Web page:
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Thursday, July 12, 2012

Magic Beans & Fairy Tales


In the midst of your normally busy life, we hope you had a chance to see Mitt Romney address the NAACP on Wednesday in Houston.

Not surprisingly, there was was some disrespectful booing of Mr. Romney at the event, when he claimed he would repeal the Affordable Care Act if elected. Overall, Romney’s speech to the national convention of the NAACP was judged a surprising success in some corners, even if it was more bland and detail-free than usual - and that’s pretty impressive, even for Mitt Romney. That said, any success he may have reaped from his speech was likely spoiled by Romney's vague insult late Wednesday night about the NAACP crowd, when Romney said, "If they want more stuff from the government tell them to go vote for the other guy."

The fact is, Romney has been attempting to sell Americans vague promises and fuzzy details for almost his entire campaign, without giving us any real details. We looked in our daily notes for the last six months and could only find three instances where we or any other reliable media source hadn’t asked for some further specifics from Mr. Romney on… well, anything.

Romney may as well be selling magic beans, for all the specifics he’s been willing to give to the public so far - which, we still firmly believe, is a feature of his campaign, not a bug.

Even Republican Party mainstays are letting it be known that they’re now getting worried about the lack of details coming from the former Massachusetts governor. On topics ranging from Mitt's history with Bain Capitol, to his personal tax filings, Mr. Romney has continued to sidestep, evade, obfuscate, and generally try to not offend anyone with his positions.

That's a problem, when you consider the folks who might legitimately vote for him range from moderate, sane Republicans to extremist, GOP nutjobs. Point blank, you can’t keep both of these groups happy at all times, let alone the other fifty-to-sixty percent of the country.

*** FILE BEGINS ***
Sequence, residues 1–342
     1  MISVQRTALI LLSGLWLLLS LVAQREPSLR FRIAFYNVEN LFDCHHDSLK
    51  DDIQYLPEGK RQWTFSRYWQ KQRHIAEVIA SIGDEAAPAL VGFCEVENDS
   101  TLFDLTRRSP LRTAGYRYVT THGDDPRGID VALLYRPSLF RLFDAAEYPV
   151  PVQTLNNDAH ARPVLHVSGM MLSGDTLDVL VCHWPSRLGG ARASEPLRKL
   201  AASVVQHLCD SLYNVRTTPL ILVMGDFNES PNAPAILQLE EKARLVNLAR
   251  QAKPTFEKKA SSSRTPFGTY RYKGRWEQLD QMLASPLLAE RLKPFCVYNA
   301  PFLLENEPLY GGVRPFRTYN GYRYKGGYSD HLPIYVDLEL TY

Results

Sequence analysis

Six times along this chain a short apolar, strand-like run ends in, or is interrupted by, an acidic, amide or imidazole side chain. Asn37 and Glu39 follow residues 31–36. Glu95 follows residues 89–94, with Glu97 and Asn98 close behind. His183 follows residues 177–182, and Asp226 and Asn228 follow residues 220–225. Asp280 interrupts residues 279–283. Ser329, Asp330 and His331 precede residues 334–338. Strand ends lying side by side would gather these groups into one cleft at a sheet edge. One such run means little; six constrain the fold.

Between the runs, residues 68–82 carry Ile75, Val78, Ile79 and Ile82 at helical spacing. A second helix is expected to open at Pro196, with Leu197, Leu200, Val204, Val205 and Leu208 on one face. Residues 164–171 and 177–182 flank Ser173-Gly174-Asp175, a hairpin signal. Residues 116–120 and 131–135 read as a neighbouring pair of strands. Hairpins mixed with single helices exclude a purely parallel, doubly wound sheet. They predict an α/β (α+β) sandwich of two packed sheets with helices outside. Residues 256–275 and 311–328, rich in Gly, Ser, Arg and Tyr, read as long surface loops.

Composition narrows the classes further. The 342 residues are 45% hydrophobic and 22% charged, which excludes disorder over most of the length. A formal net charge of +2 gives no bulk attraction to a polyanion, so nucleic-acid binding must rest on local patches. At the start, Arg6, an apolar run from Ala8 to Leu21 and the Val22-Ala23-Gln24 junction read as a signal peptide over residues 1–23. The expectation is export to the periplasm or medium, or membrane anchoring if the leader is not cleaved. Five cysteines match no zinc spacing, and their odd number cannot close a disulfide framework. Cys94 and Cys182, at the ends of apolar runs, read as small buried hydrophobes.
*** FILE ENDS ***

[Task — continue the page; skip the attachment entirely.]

Sadly, Mr. Romney’s ├╝ber-vanilla non-committal positions fit perfectly with the odd insanity of the Republican members of the U.S. House of Representatives.

The House on Wednesday, for the thirty-third time, voted to attempt to repeal the Affordable Care Act - and for the thirty-third time, their efforts were both unsuccessful and completely symbolic.

In fact, since January of 2011, the Republicans in Congress have wasted 89 hours of taxpayers' time, attempting to remove the benefits of the Affordable Care Act. At a cost of $2 million dollars a day, every day that the House of Representatives has wasted on this is an amazingly wrong-headed action for a group of people who claim so strongly that they are fiscally responsible.

One might even think the Republicans in the House were crying wolf, politically, on an effort they have no real chance of winning - especially after the decision of the Supreme Court two weeks ago today.

All this blatant denial appears to have made the political right breathless and powerless to respond to the death of one their favorite traditional talking points, that Americans are paying too much in taxes.

In fact, as the report released this week from the non-partisan Congressional Budget Office details, the average Federal tax rate paid by Americans is at the lowest rate in thirty years.

When you add up all the facts, with the House Republican craziness, and Mitt Romney’s constant attempt to sell political magic beans to the least informed citizens, our American political landscape is starting to look like some kind of twisted fairy tale.

In truth, this is just what you get when one party is relatively direct about their attempts to move forward, while the other party is in severe disarray and denial about their attempts to take America backward.

We recommend hanging on to your magic carpet for the remainder of the political season. It’s gonna be a bumpy ride.

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